RAZER Nommo Chroma

Computer Shopper - - DESKTOP SPEAKERS -

£150 • From www.ama­zon.co.uk VER­DICT

These cylin­dri­cal desk­top speak­ers have cus­tomis­able RGB light­ing, but don’t sound great for the money

IF YOU DON’T fancy drop­ping £500 on the sub­woofer-equipped Nommo Pro, the Nommo Chroma rep­re­sents a much more af­ford­able set of Razer desk­top speak­ers.

Not that they look like the bud­get op­tion: they have a strik­ing cylin­dri­cal pro­file, point­ing out and to­wards you when you’re at the desk. The driv­ers are held up by a plas­tic sup­port that raises the speak­ers to a height of 215mm, and a cir­cu­lar RGB strip sits un­der the base, which you can cus­tomise through soft­ware.

On the right-hand speaker, there are bass and vol­ume knobs, and you can switch off the speak­ers en­tirely by press­ing down on the lat­ter. At the rear are 3.5mm in­put and head­phone out­put jacks, which al­low you to hook up ana­logue sources and head­sets; these are fairly ba­sic, and we’re not fond of their in­con­ve­nient po­si­tion­ing around the back.

More im­pres­sively, the Nommo Chroma can play back two sep­a­rate sources at the same time. This is fea­ture if you want to lis­ten to mu­sic from your phone and si­mul­ta­ne­ously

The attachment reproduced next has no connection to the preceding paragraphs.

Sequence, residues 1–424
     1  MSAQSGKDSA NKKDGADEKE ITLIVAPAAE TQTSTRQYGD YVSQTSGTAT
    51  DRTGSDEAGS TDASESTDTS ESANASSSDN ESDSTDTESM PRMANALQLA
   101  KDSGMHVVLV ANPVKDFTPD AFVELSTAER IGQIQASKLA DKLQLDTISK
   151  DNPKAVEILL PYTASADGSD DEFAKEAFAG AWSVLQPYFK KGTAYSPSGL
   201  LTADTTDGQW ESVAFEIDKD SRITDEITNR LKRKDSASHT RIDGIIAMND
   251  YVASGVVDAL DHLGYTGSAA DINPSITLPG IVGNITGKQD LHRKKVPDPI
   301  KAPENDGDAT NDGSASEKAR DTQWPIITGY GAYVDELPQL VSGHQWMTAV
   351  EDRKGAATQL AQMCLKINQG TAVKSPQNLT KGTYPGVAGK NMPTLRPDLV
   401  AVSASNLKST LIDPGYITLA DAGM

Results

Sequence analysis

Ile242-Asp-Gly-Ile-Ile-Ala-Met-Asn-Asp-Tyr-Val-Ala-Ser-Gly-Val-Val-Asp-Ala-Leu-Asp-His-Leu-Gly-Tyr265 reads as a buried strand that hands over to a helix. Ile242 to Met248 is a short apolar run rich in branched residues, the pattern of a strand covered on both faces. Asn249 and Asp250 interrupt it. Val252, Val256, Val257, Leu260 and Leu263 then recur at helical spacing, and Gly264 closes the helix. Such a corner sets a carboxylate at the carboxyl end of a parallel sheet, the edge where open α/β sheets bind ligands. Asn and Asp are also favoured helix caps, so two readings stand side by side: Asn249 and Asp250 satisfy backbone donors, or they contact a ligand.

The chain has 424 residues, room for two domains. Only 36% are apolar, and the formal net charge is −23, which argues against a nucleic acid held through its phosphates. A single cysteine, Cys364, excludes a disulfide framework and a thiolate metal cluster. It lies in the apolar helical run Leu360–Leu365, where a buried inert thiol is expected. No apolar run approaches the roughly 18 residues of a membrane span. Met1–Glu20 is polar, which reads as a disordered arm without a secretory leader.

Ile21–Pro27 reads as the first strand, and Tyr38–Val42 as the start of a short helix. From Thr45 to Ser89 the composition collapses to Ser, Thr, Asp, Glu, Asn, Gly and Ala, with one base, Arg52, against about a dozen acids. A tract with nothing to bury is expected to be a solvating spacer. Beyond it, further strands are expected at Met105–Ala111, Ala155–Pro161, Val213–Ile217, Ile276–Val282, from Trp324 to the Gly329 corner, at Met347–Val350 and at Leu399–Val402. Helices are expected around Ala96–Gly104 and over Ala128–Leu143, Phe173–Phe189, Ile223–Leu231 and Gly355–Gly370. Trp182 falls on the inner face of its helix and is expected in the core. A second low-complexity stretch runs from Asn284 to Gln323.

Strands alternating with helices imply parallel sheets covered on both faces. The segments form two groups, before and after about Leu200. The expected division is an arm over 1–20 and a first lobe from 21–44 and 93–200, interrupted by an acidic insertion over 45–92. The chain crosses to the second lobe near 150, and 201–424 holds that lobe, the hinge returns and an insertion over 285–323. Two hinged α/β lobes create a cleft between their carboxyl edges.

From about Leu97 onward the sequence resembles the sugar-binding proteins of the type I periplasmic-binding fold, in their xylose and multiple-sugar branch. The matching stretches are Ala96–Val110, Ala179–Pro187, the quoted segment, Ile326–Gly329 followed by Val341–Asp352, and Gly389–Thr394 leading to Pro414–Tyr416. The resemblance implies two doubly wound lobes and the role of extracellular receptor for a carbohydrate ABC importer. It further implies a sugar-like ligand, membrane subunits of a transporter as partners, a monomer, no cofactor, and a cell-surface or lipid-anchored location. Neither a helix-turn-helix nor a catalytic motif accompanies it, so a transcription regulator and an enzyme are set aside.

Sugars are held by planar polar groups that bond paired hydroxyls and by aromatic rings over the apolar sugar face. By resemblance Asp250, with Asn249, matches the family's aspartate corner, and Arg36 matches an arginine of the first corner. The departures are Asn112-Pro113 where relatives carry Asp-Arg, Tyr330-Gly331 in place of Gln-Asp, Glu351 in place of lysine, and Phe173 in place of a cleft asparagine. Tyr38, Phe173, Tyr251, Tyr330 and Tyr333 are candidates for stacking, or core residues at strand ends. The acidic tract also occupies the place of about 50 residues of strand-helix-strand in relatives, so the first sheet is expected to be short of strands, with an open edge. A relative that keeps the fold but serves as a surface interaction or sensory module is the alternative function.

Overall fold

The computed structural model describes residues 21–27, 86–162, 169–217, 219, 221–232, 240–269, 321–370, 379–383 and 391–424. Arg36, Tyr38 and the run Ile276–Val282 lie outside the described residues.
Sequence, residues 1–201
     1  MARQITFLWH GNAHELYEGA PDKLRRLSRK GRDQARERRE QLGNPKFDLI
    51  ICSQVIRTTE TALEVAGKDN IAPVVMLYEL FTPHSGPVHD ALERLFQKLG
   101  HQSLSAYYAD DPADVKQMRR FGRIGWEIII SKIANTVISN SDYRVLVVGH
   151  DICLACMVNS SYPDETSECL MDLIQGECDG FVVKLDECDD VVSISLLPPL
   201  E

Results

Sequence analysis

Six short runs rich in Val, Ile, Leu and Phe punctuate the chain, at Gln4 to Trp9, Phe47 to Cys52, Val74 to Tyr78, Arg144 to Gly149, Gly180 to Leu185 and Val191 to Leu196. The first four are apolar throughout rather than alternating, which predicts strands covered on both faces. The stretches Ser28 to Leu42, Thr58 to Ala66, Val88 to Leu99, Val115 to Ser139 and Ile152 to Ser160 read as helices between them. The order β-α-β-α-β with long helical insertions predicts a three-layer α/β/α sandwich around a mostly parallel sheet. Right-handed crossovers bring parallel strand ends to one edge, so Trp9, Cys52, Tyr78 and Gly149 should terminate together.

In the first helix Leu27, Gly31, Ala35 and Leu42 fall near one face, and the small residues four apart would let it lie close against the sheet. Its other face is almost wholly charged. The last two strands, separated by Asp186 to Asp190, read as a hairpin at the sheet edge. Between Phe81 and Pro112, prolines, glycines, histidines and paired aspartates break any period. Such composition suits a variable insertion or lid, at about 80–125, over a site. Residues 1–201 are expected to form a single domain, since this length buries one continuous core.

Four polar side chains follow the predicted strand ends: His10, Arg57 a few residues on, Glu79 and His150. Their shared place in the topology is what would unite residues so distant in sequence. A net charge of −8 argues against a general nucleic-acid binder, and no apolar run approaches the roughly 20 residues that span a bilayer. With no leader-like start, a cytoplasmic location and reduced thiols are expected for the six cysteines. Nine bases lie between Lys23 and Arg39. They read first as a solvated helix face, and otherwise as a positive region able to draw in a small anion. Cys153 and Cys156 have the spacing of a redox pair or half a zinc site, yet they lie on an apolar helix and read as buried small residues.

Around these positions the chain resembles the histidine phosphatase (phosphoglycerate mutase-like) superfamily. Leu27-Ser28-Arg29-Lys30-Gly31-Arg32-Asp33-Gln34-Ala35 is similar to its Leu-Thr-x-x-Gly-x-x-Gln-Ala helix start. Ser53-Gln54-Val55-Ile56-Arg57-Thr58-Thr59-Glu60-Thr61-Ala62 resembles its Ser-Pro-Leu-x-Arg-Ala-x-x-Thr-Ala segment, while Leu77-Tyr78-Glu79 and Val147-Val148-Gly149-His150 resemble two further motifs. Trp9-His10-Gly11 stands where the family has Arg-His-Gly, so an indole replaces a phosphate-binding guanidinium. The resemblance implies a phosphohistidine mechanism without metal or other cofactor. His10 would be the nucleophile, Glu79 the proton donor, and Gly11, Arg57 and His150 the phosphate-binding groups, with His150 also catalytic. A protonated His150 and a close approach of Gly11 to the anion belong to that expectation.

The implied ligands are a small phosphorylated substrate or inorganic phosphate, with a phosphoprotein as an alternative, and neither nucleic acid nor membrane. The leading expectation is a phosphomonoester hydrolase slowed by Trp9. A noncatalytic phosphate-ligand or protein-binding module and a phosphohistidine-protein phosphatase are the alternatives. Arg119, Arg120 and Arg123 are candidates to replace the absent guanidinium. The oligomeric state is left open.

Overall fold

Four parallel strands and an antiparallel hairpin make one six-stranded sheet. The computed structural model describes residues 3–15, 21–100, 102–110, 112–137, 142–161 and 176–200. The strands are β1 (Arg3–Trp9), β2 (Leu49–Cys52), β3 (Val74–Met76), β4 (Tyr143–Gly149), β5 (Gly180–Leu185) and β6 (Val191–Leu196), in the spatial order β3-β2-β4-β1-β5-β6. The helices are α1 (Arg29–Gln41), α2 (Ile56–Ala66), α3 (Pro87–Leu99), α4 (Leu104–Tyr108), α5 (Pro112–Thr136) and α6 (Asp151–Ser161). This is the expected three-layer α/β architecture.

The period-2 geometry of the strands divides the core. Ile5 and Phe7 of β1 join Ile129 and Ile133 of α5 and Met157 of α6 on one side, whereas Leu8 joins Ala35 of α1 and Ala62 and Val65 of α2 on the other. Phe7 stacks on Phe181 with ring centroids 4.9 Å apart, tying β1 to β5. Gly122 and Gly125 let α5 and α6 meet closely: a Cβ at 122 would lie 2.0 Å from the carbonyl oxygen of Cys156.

hear in-game sounds from your PC. Sadly, there’s no Blue­tooth con­nec­tiv­ity, nor any coax­ial or optical S/PDIF in­puts.

As with the Log­itech G560, you can man­u­ally select cer­tain ar­eas of the speak­ers to il­lu­mi­nate, as well as set dif­fer­ent pat­terns. You can also sync light­ing ef­fects with other Razer pe­riph­er­als, but while the Nomma Chroma can match its light­ing ef­fects to in-game ac­tion, we couldn’t find a way to sync the lights to the out­put sound as well.

Synapse is also used to tweak how the speak­ers sound but, some­what sur­pris­ingly, there’s no cus­tom EQ. In­stead, you have to rely on the pre­de­fined De­fault, Game, Mu­sic and Movie pro­files. De­fault has the most all-rounded sound sig­na­ture: Game is overly bassy, Mu­sic is a lit­tle too sibi­lant and (con­versely) lacks bass, and Movie has a bit too much re­verb for our lik­ing.

The Nommo Chroma is a straight­for­ward stereo sys­tem with no sub­woofer and two 3in full-range driv­ers. Each speaker will hit max­i­mum vol­ume with­out dis­tor­tion, but un­like the G560, don’t ex­pect them to fill any room big­ger than a bed­room.

That’s fair enough, given these are only desk­top speak­ers, but there are big­ger prob­lems with sound qual­ity. The lack of a sub­woofer is sorely felt, as there’s very lit­tle bass ex­ten­sion at all; in fact, it cuts off quite abruptly, which is a shame, be­cause the mid-bass re­pro­duc­tion is ac­cu­rate, bal­anced and rea­son­ably well con­trolled.

Vo­cals can also sound pushed back, a symp­tom of some slightly re­cessed mids in gen­eral. The highs ex­tend rel­a­tively well, but only when the speak­ers are set to Mu­sic mode through the Synapse soft­ware, and this has the draw­back of mak­ing the sound a lit­tle pierc­ing. The big­gest flaw is the sound­stage, which lacks both width and depth.

There are some good touches here, but even at a much lower price than the G560, Log­itech’s of­fer­ing is a bet­ter bet.

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